Enviro groups sue BLM over gas-lease approvals
Aspen, CO Colorado
DENVER – A Carbondale-based organization, along with several other groups, is suing the U.S. Bureau of Land Management, contending that the agency has approved some 1,400 gas wells in Garfield and Mesa counties without properly evaluating potential air pollution from the drilling activity.
The Wilderness Workshop of Carbondale, Natural Resources Defense Council, the Wilderness Society and the Sierra Club filed the lawsuit Monday in U.S. District Court in Denver.
The suit alleges that the BLM has been “turning a blind eye to the air pollution that results from numerous federal oil and gas projects,” which the agency has authorized in the Mamm Creek, North Castle Springs and Spruce Creek areas, all south of Rulison, Parachute and De Beque.
An industry spokesman said the lawsuit is a waste of taxpayer money.
“Exorbitant amounts of hard earned tax dollars are frittered away fighting these same ol’ cookie cutter lawsuits, year after year,” said David Ludlam, executive director of the Western Slope Oil and Gas Association.
Since 2005, according to the lawsuit, the BLM has “adopted a practice of approving oil and gas development in Western Colorado without any analysis of the resulting air pollution.”
The suit claims the agency has approved “at least 34 oil and gas projects in Garfield and Mesa counties – covering more than 1,400 wells, with associated industrial infrastructure – based on NEPA (National Environmental Policy Act) documents that contain no analysis at all of their air pollution impacts.”
The agency, in its approvals of these projects, relied on a NEPA analysis of sites in the Roan Plateau Planning Area, which the suit alleges is “miles away” from the 34 projects that are the subject of the suit.
According to Peter Hart, an attorney with the Wilderness Workshop, “They have to analyze those impacts and disclose them to the public” before approving the projects, rather than “cut-and-paste” data from other, unrelated study areas.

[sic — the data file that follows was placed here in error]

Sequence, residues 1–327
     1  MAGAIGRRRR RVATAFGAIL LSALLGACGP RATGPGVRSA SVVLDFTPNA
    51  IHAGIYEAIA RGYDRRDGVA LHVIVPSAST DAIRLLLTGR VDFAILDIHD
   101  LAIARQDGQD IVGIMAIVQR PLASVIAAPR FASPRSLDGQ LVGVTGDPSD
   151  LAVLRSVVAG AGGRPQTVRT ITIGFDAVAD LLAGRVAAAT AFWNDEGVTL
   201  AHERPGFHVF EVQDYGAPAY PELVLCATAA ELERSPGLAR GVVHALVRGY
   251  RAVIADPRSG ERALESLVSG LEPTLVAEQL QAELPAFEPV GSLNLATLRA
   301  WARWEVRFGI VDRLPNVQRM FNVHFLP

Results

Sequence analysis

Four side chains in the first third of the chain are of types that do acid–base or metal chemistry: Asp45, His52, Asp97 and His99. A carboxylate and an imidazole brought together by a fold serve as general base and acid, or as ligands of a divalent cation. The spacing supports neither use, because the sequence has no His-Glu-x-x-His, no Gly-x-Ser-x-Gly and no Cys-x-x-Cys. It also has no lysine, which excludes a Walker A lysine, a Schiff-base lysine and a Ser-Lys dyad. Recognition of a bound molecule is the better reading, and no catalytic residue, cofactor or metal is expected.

“It’s a big deal,” Hart said. “People are getting sick, and people are concerned.”
He said there have been reports of illness among people living near gas drilling activity in the Piceance Basin gas patch in Garfield, Mesa and Rio Blanco counties, in the Pinedale area in Wyoming, and in the Uinta Basin.
Representatives of the oil and gas industry have firmly maintained there has never been any verifiable proof that gas development makes people sick.
Ludlam said no more studies are needed.
“In the era of deficits, using those same dollars to help the BLM improve on-the-ground environmental analysis would yield far greater dividends to Western Colorado’s environment than lawsuits lining the pockets of those whose livelihood depends on filing them,” he said.
Steven Hall, a public relations official for the BLM, told the Post Independent that his agency does conduct air quality analyses of oil and gas projects.
“We do the best job we can with existing information and existing science,” he said on Friday.
He added that other entities, such as the U.S. Environmental Protection Agency and the Colorado Department of Public Health and Environment, have greater expertise and responsibility for air quality studies than does the BLM.
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The town of Snowmass Village has its eyes on some safety improvements on Highline Road and a section of Brush Creek Road that will give pedestrians and cyclists a little more room to breathe on the side of the road.